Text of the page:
This was 1986. Ronald Reagan was in his second term, he and Baptist minister Jerry Falwell’s religious-right “Moral Majority” ruled the political landscape. After the anti-establishment 1960’s and the decadent 70’s America was finding church again. But I’d found a different kind of church.

“Over here is where we torment the soul,” the devil says, leading Kinison around the bowels of the underworld, “and this is where we make men sell out and give up on their dreams. (the devils stops) What’s that? You say you’ve been married?” The devil turns reflective, “Hey — do you want a job?”

Kinison brought with him an entourage consisting of his hot Japanese girlfriend, Tamayo Otsuki, who I thought was super attractive but wasn’t really all that funny — maybe due to English being a second language — and his side-kick/henchman Carl Labove, who was a pretty good foil for him on stage.

Kinison was harsh, and totally hilarious. They called him “The Screamer” because he’d interperse high-volume outbursts of hollering on stage during his sets. But I called him honest. His act showed that the best humor is accessed when the one doing the delivery has the courage to reveal it.

At the tie I was in my early twenties and had it in my head that I was going to be a big important writer for major magazines, so after seeing Kinison on the Rodney Dangerfield comedy special and then noticing an ad in the local paper for the La Jolla Comedy Store where he was headlining I had to go see him. After his show I approached him in the front lobby area of the Store and introduced myself, telling him I wanted to write about him.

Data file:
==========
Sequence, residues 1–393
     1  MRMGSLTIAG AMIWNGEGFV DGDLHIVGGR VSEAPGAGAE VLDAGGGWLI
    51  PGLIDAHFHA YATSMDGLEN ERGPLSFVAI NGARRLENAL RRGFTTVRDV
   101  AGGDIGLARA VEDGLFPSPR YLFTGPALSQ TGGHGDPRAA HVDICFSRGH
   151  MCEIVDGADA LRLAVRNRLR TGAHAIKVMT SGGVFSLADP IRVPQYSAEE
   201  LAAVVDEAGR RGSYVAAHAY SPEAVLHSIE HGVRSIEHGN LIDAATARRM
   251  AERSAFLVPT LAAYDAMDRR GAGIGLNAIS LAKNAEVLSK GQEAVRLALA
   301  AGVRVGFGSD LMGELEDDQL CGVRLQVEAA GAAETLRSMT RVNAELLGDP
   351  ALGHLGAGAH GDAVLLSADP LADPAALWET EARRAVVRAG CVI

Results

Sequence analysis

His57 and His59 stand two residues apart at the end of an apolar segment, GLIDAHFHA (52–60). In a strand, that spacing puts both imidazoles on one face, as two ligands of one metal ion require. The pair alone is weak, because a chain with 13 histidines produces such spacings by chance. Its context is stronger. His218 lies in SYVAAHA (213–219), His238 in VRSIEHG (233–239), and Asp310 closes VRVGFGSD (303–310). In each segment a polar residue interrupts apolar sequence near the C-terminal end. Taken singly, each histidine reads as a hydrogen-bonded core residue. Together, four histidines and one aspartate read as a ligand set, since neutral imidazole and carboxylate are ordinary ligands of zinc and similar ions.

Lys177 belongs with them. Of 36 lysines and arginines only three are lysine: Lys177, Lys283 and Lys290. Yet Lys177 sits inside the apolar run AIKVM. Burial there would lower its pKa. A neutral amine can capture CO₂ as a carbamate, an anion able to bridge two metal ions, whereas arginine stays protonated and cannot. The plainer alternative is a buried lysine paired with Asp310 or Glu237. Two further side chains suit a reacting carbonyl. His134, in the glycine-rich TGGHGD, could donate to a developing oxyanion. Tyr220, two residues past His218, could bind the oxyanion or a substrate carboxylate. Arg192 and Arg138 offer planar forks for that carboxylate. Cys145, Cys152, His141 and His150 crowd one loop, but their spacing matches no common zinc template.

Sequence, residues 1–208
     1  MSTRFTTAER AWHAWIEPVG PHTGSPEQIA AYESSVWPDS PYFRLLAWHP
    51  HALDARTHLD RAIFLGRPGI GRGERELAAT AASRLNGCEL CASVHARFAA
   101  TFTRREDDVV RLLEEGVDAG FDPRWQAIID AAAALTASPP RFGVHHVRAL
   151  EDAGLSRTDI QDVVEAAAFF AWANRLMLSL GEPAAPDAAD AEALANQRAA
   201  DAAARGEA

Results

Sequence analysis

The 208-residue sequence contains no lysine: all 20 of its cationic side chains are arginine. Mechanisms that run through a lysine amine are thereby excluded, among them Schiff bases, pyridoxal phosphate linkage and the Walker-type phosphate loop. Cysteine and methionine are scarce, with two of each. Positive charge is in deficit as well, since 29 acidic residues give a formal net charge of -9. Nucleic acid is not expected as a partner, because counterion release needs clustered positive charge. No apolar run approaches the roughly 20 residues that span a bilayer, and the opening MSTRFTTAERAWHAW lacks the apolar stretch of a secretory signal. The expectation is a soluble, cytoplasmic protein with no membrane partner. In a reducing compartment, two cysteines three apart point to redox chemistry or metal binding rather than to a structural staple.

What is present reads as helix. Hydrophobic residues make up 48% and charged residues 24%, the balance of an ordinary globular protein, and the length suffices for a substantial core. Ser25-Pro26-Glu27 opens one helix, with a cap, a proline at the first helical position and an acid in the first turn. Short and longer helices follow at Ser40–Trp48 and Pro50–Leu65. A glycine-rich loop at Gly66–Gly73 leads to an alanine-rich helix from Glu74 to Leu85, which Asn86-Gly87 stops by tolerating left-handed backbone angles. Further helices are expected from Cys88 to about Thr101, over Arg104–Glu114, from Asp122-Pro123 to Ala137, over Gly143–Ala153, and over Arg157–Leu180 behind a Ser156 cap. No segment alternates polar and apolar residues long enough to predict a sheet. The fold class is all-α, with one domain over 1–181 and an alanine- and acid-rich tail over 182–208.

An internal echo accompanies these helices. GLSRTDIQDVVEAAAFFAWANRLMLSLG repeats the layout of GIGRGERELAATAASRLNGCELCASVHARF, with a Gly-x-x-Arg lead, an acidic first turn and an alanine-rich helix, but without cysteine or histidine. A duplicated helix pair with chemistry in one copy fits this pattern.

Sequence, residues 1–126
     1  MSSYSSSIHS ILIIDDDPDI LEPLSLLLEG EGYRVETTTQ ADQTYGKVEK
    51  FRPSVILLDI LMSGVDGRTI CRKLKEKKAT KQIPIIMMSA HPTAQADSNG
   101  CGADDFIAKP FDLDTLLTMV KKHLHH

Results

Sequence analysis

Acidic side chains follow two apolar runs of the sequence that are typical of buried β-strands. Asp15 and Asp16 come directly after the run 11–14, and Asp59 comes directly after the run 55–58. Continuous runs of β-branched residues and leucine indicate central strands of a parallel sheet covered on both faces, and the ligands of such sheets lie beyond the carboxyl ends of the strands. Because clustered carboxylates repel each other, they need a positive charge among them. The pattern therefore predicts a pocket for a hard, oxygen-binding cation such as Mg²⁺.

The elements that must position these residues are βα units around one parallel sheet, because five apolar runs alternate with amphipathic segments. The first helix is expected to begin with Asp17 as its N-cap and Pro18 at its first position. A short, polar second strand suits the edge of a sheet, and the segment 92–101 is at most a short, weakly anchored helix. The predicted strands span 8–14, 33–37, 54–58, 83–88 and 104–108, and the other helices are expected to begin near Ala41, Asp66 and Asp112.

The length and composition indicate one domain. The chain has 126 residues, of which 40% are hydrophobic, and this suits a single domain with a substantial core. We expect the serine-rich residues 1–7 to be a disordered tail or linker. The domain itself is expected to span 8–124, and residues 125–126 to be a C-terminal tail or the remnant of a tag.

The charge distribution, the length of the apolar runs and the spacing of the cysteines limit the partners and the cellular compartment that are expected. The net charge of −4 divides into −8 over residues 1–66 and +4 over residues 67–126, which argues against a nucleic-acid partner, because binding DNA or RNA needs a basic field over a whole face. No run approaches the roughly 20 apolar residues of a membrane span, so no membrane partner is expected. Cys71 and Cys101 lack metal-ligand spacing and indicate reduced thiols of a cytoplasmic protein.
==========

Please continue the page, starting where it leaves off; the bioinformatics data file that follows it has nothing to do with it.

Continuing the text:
He said something like, Okay kid (he could see how green I was, “I’ll help you out.” Not sure if he called me kid, he might have, but he did say “I’ll help you out.”

We were sitting at a small two-seat table by the wall with all the 8x10s of comics. He asked, “Who’d this for, Playboy, Penthouse?” I was such a dumbfuck. I replied something about freelancing it to California Magazine, who since folded, I believe. Clearly disappointed, Kinison rolled his eyes. He was tired from doing the show or high, so he gave me his address in Hollywood. It was in the hills above Sunset Boulevard, a street called Beverly Terrace or something.

As people were clearing out I knocked on the office door where Mitzi Shore was with Kinison and Carl Labove in the room with her. She was seating at the desk counting the night’s cash or something with Kinison standing over her counting as well, I think. Maybe he was getting a percentage. Labove was seated by the door near me at I poked my head in. I asked if I’d be allowed free entry to the next night’s show. I was stoked to be there but was looking for a journalistic industry courtesy.

A bit annoyed she seemed to keep counting but agreed, yes fine. Then as I started to leave I turned around and asked, “Can I bring a friend?” Without missing a beat she looked up from her counting and pointed at me, “You’re really pushing it,” she shouted as Kinison erupted in laughter and Labove held his brow in his hand and shook his head in wonderment.

The next night Kinson and his crew were even funnier. Danger on stage.

[stripclub review] Jumbo’s Clown Room

[stripclub review]